Rene’ Descartes, born in March of 1596, was a French mathematician, philosopher, and scientist. He is widely known for the statement, “I think, therefore I am,” deriving it from the foundation of intuition that, when he thinks, he exists. After obtaining a degree in law, his father wanted him to join Parliament, but sadly he was only 20 and the minimum age to join was 27. In turn, he moved to the Netherlands where he was influenced to study science and mathematics. During this time he formulated a common method of logical reasoning, centered on mathematics, which can be related to all sciences. This method is discussed in Discourse on Method, and is comprised of four rules: “(1) accept nothing as true that is not self-evident, (2) divide problems into their simplest parts, (3) solve problems by proceeding from simple to complex, and (4) recheck the reasoning.” We use these rules everyday when directly apply them to mathematical procedures.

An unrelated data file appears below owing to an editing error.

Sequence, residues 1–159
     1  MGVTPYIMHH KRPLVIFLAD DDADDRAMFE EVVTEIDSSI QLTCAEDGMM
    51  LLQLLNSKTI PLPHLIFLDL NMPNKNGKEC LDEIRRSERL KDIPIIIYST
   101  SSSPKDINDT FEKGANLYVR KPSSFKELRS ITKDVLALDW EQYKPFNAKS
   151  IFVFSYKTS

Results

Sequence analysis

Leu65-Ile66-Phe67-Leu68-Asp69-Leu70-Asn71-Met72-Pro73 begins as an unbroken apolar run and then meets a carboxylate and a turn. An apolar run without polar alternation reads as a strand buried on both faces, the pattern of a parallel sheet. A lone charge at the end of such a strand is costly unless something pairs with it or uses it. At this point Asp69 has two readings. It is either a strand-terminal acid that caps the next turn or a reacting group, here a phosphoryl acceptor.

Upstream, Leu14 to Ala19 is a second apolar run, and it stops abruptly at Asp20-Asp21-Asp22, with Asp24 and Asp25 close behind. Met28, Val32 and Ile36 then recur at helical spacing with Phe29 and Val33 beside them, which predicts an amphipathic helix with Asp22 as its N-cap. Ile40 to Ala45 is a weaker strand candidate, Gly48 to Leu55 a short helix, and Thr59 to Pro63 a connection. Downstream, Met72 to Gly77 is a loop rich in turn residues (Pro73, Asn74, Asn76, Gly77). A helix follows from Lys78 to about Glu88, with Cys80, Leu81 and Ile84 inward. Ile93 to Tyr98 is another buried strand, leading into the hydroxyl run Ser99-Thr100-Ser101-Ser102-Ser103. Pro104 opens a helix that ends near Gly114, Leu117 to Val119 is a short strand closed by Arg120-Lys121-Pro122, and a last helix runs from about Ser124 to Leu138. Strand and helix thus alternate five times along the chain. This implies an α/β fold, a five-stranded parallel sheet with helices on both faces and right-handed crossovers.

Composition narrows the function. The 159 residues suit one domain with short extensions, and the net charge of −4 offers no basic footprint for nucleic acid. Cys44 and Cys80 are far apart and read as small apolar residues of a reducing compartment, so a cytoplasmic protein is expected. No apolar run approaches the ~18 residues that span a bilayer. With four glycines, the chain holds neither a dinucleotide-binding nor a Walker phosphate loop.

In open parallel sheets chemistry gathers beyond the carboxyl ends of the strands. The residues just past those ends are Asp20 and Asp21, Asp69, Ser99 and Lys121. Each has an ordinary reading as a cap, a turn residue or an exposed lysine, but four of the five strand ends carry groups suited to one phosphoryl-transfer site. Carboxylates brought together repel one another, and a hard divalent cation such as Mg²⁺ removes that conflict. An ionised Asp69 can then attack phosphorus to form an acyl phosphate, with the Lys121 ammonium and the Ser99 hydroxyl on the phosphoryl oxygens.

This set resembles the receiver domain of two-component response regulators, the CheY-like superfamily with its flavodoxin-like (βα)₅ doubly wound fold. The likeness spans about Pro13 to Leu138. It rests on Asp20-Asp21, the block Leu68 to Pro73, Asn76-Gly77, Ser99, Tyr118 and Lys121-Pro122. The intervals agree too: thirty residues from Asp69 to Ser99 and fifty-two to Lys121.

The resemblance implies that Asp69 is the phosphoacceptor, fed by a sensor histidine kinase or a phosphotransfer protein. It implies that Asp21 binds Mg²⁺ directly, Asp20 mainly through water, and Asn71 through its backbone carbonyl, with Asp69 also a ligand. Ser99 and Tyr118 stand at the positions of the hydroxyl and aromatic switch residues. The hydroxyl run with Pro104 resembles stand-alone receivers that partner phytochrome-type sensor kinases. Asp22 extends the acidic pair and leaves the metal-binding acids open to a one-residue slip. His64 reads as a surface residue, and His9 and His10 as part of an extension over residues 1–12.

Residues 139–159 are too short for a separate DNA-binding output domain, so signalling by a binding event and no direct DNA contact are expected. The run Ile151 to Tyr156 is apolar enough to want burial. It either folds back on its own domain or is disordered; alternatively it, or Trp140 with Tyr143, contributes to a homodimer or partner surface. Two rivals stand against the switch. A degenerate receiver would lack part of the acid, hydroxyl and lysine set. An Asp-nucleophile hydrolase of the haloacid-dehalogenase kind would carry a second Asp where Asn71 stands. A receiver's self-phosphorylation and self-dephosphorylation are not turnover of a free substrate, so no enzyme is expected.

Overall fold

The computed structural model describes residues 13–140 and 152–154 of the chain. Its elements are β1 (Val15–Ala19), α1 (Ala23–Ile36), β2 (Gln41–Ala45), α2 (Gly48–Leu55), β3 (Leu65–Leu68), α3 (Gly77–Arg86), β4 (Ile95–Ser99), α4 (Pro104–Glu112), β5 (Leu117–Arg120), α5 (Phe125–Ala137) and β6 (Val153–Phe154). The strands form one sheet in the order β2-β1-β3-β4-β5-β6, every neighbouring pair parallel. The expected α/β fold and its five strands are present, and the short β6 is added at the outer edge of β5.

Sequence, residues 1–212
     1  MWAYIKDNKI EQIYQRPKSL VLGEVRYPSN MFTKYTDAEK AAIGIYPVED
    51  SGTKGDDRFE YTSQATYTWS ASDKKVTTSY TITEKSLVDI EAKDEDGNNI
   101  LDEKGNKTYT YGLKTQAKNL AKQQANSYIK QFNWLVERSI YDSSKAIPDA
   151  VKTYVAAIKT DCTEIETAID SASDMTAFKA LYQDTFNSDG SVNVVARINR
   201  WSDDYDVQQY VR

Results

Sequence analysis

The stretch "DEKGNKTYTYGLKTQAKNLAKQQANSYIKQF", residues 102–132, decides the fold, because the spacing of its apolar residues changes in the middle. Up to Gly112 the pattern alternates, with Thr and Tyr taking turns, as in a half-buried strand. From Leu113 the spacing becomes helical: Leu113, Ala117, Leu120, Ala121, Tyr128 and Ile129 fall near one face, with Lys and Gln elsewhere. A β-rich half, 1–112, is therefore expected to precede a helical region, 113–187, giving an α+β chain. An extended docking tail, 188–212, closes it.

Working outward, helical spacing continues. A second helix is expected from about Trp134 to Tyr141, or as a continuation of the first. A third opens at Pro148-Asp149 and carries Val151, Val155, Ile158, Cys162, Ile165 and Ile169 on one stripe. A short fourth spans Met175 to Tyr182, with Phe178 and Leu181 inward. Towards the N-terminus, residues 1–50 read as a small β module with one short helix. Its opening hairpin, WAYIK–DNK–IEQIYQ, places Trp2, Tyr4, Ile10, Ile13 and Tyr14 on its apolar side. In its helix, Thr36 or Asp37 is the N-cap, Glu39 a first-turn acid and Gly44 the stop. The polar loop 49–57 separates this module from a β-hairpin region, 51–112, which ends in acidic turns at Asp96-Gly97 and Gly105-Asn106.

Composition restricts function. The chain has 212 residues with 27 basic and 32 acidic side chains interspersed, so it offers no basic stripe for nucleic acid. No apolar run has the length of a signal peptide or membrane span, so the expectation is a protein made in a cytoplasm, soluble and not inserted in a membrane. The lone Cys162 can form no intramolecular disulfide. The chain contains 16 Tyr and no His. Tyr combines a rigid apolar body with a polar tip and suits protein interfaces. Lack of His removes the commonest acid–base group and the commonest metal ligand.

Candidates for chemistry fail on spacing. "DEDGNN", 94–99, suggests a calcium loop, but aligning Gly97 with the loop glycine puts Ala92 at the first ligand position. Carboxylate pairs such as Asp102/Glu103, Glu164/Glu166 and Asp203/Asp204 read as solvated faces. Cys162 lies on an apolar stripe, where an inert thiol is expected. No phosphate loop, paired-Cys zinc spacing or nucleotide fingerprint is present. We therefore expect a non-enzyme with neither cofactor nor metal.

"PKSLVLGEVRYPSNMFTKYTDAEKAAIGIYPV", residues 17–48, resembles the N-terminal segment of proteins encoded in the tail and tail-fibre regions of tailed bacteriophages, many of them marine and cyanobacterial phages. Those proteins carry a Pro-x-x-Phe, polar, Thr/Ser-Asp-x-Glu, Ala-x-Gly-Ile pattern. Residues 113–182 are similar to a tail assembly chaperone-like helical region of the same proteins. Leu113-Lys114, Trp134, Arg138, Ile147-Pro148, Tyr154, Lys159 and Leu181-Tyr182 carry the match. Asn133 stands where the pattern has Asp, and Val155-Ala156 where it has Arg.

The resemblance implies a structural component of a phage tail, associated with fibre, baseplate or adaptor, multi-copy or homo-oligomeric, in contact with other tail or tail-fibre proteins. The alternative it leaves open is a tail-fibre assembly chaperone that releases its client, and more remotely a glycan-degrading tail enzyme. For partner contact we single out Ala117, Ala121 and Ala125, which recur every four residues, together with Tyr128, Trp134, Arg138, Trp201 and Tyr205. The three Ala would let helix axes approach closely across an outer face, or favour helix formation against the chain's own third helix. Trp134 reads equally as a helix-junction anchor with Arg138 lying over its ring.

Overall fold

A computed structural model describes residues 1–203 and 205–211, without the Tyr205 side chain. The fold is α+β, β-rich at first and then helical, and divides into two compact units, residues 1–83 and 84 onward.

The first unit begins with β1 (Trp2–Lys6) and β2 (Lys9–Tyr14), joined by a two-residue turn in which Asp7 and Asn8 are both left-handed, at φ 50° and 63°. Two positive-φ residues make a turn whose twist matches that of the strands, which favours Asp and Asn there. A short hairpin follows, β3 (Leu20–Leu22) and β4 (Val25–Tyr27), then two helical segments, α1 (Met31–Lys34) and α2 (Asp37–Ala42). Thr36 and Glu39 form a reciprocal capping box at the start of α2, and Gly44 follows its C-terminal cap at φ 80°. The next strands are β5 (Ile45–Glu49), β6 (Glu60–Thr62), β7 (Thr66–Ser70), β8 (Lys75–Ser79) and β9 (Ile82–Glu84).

References:

“Rene Descartes”. Encyclopædia Britannica. Encyclopædia Britannica Online. Encyclopædia

Britannica Inc., 2016. Web. 07 Sep. 2016 <https://www.britannica.com/biography/Rene-

Descartes>.

 

 

 

 

 

My Favorite One-Liners: Part 106

In this series, I’m compiling some of the quips and one-liners that I’ll use with my students to hopefully make my lessons more memorable for them.

Years ago, when I first taught Precalculus at the college level, I was starting a section on trigonometry by reminding my students of the acronym SOHCAHTOA for keeping the trig functions straight:

\sin \theta = \displaystyle \frac{\hbox{Opposite}}{\hbox{Hypotenuse}},

\cos \theta = \displaystyle \frac{\hbox{Adjacent}}{\hbox{Hypotenuse}},